posted by on September 23rd 2009 in Food & Pickling with 0 Comments

Fresh Cucumber Pickles

Fresh Cucumber Pickles

When a friend asked for my pickle recipe recently, it forced me into writing it down.  I don’t really bother with recipes for pickles since I just keep a gallon jug of brine handy. It is very easy and you don’t need to dig up measuring spoons (which are always missing in my house)  Ruhlman has a good section on brine in Ratio, but I learned this technique at Picklefest 2008.  It has a lower salinity than Ruhlman suggests, but it works for me.   As for the cucumbers, as many as will fit in your clean jar. It really pays to get some fresh produce here, if you can’t grow them, try a local farmer’s market.  The smaller, the better;  large ones have too many seeds and won’t fit in the jar, but  I sometimes cut them up to fit.  You can use pickling spice or I tend to make up something at pickling time.  Use a reasonable amount.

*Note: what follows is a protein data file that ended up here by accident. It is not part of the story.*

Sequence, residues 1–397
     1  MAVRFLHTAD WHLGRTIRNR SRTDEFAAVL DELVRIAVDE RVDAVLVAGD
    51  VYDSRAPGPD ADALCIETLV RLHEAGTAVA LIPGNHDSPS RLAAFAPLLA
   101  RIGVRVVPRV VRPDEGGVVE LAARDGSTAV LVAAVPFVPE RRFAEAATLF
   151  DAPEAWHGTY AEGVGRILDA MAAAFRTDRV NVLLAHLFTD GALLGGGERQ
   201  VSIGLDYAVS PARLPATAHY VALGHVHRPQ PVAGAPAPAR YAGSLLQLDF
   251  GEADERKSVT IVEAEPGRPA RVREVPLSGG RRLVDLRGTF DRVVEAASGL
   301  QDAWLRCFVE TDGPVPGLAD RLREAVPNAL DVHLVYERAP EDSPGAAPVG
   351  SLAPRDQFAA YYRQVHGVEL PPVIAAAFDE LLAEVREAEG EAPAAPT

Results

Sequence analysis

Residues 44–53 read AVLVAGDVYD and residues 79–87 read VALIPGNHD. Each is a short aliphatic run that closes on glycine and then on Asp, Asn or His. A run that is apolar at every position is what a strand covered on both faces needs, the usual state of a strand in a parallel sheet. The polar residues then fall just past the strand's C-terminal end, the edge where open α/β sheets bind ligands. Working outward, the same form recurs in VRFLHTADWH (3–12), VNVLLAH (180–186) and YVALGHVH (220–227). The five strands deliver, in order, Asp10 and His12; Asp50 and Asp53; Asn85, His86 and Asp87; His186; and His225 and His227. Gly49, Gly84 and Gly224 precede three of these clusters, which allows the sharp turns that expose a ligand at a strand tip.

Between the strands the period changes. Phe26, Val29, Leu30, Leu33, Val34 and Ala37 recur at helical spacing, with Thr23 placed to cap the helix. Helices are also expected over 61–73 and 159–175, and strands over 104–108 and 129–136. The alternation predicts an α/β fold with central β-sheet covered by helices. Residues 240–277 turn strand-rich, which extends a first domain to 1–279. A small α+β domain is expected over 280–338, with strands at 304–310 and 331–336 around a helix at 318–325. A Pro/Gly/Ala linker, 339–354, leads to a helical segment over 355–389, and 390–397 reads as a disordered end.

Brine:

  • 1 Gallon Water
  • 8 Tbsp Kosher Salt

Pickling Spice:

  • Whole Mustard Seeds
  • Whole Black Peppercorns
  • Red Chili Flakes ( I use the Korean kind with no seeds, but you can use whatever you can find)
  • Coriander
  • Cardamom pod (one or two)
  • Allspice
  • Cloves

Other Ingredients:

  • Fresh Dill (lots – substitute dill seed if you can’t find fresh)
  • Garlic Cloves (at least two per quart container)
  • Fresh Grape Leaves (some claim they have enzymes to keep pickles crisper, but I’m skeptical –  I put them in because they look nice, and they are in season at the same time as cucumbers.)

The Technique:

Wash cucumbers well and slice off both ends since the blossom ends have a chemical that can cause softening.  Place in a clean mason-type or spring-top jar, add spice, garlic, dill  and brine to cover.  Set on counter at room temperature, out of the sun.  Twice daily or whenever you feel like it, “burp” the lid to release the gases.  After a few days, the mixture will turn cloudy; You should taste a cuke and see how it is going.  Depending on the temperature and various other factors like salinity, size and moisture content of cucumbers, etc, you should have a half-sour pickle by now, a little sour on the outside and still crisp and cucumbery in the middle.  I like them like this so I put them in the fridge to slow everything down.  They probably won’t last too long, they don’t at my house!